The Big Interview: Pita Limjaroenrat joins us to talk Move Forward, Covid-19 and coalition governments

For this week’s Big Interview, we caught up with Move Forward Party Leader Pita Limjaroenrat to talk about the issues facing the country and his party.

The following interview has been edited for clarity.

On the need for a parliamentary meeting and the concerns the opposition have

Pita: Because parliament is currently in recess, there is no weekly meeting to address the crisis and the problems of the people of Thailand. Two weeks ago was our first attempt at having an ad hoc meeting among the opposition.

We want to meet in parliament to discuss the welfare of the Thai people, issues of public health and the economy. A lot has happened in the last 100 days and our public health officials have done fairly well to contain the disease. But the welfare of the Thai people, as well as the economy, is definitely something we want to discuss.

In terms of the economy, we want to address the reallocation of the budget, the 1.9 trillion baht emergency loan and next year’s national budget. These are all things that must be discussed [in parliament].

There is no clear vision and strategy from the government of what we are going to do, what is the recovery strategy of the government for next year. We also need transparency because the 1.9 trillion baht loan deal is the largest in the government’s history and the government has so far not responded to our requests.

Parliament can be a resource for this issue and we can help the government secure the money faster in a transparent manner to be used faster. Whether it will be one week faster, or two weeks faster.

On why the government’s loans and aid must be quickly disbursed.

You can see now that the society is extremely unequal.

Seven days for you and me might be fine but not for everyone. I don’t want to hear any more news about people committing suicide because they don’t have enough food for them or [their families]. That is why we need to get aid out as quickly as possible.

On the government’s response to the crisis so far

We have to break it down into parts where the government has done well and where they haven’t.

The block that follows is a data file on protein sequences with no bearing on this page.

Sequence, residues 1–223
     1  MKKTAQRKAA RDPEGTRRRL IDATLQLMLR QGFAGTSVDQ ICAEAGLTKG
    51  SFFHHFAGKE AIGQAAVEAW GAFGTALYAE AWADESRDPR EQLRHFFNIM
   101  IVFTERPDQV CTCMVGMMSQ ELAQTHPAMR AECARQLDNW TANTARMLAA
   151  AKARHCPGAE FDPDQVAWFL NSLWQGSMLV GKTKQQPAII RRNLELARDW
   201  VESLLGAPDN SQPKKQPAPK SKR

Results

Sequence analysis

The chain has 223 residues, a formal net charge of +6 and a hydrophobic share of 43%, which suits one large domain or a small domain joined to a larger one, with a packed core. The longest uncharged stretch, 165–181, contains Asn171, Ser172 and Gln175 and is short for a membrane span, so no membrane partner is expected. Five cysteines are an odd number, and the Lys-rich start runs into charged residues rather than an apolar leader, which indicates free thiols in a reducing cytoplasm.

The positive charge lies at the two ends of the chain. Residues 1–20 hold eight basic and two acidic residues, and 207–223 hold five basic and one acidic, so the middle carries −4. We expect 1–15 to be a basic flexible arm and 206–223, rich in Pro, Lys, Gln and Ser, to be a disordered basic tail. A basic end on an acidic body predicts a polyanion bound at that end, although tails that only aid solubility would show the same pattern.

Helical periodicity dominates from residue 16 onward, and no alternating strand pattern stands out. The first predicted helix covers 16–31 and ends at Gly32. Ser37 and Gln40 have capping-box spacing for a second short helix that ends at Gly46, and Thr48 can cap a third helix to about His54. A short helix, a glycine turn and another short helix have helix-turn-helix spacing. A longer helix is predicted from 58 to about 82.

Where they have done well is on the public health side. We have managed to contain the disease. We have brought down the number of infected month by month. Our doctors and nurses deserve all the praise and I sincerely appreciate everything they’re doing to get our country out of this madness.

As for the economy, we do not know how the government is doing because that is more of a long-term thing.

But the welfare and the well-being of the Thai citizens, I think that more than half the country has been left behind.

The reason why half of the Thai population is left behind is because there are around 40 million people in the workforce and the government estimated that number to be 3 million, then moved it to 9 million, and then finally to 14 million. We have been saying 14 million since [March] because we estimated that the number of people who don’t have social security or are working outside the system is around 14.5 million.

On the need to rise above politics in a time of crisis

It’s time for unity. It’s time for people to come together from different backgrounds. We should work together in a certain manner. But it doesn’t mean that it would not have to go through checks and balances. I hope nobody would use this time to secure power or do it for political gains. That would be inhumane. But what we are doing is checks and balances and sometimes we have constructive criticism or constructive suggestion on how we can help the people as fast as possible.